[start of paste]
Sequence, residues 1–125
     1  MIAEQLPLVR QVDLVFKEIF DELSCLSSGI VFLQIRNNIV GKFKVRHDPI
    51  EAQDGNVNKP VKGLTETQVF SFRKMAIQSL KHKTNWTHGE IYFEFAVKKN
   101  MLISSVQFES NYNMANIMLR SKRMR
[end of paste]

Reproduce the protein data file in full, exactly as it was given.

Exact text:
Sequence, residues 1–125
     1  MIAEQLPLVR QVDLVFKEIF DELSCLSSGI VFLQIRNNIV GKFKVRHDPI
    51  EAQDGNVNKP VKGLTETQVF SFRKMAIQSL KHKTNWTHGE IYFEFAVKKN
   101  MLISSVQFES NYNMANIMLR SKRMR